A buildup of sockets in CLOSE_WAIT state may indicate an application programming error.
A CLOSE_WAIT socket is a socket in which the connection has received a FIN and has yet to be closed by the application. In this state, it is the responsibility of the application to close the socket, although the operating system will report the socket in this state under any of these circumstances:
1- The socket is empty, and the application needs to relinquish the file descriptor of the socket back to the operating system, which will effectively remove the socket (and will subsequently disappear from netstat output).
2- There is still data in the socket which the application needs to read() from the file descriptor of the socket in order to be closed fully.
3- The connection is still in-use for unidirectional transmission by the application.
In all of the above scenarios, there is no tuning from an operating system perspective that can close this socket without killing the running process ID of the application, and subsequently closing the application. Otherwise, the application will need to close the socket via a call such as close().
A socket in CLOSE_WAIT may possibly consume TCP memory if it is not closed properly, of if the received data in the buffer is not read into the application, as this space will consume the total amount of TCP memory available on the system (visible in /proc/net/sockstat).
For Java, see also http://stackoverflow.com/questions/5636316/troubleshooting-connections-stuck-in-close-wait-status and http://serverfault.com/questions/160558/how-to-not-get-so-many-apache-close-wait-connections.
For PHP, Checked netstat command output and found more CLOSE_WAIT sessions. #netstat -an |grep CLOSE
Checked number of http process and ownership of httpd daemon using the below commands.
- #ps -aef |grep httpd #we found httpd daemon is with apache ownership.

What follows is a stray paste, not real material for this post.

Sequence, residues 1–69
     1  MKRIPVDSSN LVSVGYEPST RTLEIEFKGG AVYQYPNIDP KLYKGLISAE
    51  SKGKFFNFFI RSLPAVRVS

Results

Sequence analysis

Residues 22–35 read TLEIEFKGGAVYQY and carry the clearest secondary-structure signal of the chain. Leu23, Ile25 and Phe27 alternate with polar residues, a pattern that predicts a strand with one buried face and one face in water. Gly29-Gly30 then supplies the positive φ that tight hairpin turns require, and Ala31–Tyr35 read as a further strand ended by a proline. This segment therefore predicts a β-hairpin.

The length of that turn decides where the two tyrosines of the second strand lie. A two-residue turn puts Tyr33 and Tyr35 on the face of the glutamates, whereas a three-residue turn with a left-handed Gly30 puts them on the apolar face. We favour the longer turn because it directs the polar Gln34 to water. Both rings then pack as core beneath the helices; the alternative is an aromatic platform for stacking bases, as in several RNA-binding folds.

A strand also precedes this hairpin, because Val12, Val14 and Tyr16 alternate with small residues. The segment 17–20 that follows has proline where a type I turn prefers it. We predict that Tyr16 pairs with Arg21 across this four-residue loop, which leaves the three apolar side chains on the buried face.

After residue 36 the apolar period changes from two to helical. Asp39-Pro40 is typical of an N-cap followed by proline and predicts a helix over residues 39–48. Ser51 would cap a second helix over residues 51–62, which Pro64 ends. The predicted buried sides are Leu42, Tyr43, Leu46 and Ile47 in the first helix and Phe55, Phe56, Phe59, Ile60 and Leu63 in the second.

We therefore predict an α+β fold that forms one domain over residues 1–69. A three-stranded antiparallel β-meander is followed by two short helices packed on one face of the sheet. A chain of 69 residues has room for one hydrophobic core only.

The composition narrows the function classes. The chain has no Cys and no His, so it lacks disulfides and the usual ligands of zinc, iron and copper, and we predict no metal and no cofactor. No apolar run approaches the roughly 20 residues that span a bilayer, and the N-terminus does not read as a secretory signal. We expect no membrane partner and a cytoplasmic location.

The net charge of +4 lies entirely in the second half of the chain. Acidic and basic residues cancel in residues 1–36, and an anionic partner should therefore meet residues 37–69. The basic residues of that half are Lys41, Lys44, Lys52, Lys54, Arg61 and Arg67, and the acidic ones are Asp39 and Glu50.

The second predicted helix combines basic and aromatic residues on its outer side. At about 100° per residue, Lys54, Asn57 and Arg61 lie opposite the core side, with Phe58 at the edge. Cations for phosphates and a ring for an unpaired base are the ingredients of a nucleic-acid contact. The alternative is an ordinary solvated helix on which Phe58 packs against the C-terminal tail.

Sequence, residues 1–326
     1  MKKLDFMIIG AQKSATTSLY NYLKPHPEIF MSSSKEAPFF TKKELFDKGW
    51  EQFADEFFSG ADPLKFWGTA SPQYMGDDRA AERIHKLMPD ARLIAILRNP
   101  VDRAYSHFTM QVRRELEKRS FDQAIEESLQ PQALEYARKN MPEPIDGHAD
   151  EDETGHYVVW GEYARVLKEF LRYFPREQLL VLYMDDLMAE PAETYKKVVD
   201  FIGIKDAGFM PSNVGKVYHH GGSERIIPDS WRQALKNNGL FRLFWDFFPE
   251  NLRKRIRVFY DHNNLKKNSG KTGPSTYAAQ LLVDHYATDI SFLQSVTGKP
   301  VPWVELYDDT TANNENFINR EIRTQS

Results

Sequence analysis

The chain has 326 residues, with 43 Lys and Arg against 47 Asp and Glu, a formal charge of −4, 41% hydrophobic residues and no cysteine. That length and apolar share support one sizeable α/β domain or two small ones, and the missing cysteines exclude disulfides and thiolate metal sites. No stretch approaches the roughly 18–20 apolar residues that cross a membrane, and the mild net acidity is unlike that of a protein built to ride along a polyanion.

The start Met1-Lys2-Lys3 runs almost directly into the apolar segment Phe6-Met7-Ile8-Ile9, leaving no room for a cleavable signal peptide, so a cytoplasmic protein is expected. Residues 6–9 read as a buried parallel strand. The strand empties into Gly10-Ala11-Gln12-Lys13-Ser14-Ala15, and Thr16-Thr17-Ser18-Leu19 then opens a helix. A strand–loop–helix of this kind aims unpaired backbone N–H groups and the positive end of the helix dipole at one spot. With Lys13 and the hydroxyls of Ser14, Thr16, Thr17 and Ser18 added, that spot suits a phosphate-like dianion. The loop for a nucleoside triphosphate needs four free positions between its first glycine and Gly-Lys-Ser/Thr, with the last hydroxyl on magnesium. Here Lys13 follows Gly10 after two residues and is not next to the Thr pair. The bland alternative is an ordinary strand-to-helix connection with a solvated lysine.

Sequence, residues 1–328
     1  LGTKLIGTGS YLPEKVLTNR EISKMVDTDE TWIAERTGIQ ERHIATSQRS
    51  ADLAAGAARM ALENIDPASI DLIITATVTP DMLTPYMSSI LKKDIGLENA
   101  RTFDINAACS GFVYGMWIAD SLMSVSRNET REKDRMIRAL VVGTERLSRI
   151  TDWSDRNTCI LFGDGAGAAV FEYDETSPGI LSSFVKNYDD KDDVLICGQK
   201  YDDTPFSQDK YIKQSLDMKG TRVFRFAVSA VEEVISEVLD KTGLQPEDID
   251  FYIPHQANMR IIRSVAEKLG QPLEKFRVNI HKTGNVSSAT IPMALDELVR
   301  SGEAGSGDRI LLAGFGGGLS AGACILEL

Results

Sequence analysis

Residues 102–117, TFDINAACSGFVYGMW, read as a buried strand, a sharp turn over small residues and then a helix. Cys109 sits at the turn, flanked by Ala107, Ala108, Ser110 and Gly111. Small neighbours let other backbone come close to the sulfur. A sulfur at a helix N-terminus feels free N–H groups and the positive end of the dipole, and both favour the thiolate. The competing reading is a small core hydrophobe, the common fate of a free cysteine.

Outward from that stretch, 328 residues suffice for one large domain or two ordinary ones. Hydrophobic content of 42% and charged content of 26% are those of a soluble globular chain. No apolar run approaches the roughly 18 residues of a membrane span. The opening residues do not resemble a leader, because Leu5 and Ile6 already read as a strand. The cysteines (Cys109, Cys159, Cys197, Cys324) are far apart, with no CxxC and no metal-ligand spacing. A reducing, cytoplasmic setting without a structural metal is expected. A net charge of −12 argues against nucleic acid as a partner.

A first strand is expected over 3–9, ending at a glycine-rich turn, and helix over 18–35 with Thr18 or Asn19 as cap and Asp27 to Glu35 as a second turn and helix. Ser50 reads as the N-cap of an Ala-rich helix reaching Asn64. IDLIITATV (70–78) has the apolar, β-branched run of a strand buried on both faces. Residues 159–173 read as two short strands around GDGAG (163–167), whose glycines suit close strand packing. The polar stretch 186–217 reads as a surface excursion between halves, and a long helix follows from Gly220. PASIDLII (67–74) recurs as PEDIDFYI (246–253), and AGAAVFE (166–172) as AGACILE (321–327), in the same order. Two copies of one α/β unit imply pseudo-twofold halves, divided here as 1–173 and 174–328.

- #ps -aef |grep http |wc -l #we found X number HTTP processes.
Root Cause: A CLOSE_WAIT socket is a socket state allowing the application to perform tasks on a socket that has been advised by the client that no further data will be sent by the client, before it is relinquished to the operating system. The socket is still usable for the application to send data to the client. Therefore, there is no direct way to tune this.
Possible causes include:
1- deliberate use in this mode by the application.
2- application fault resulting in failure to close the socket.
3- applications queries might have blocked in backend database, eg:- PHP has an open connection to the database; it has made a query and has yet to receive a response. Apache 'hanging' at that point and unable to close the connection after receiving FIN from client. To start troubleshooting on the database side, you should enable the slow query log if you haven't already done so. Have it log requests over 1 second or so and see what shows up when the problem occurs.
Note: The slow query log will not log the query until the query has completed. Do not assume that the first query showing up when the problem starts is the problem query. It may or may not be.
Let me conclude, CLOSE_WAIT issue you are having now is related to your application programming side, and I am sorry to say customer side application level troubleshooting is outside the scope AWS support . During our troubleshooting time we were able to identify the cause of your website stop responding due to high number of accumulated CLOSE_WAIT sockets, to fix the CLOSE_WAIT problem you may need to look in to your application side debugging.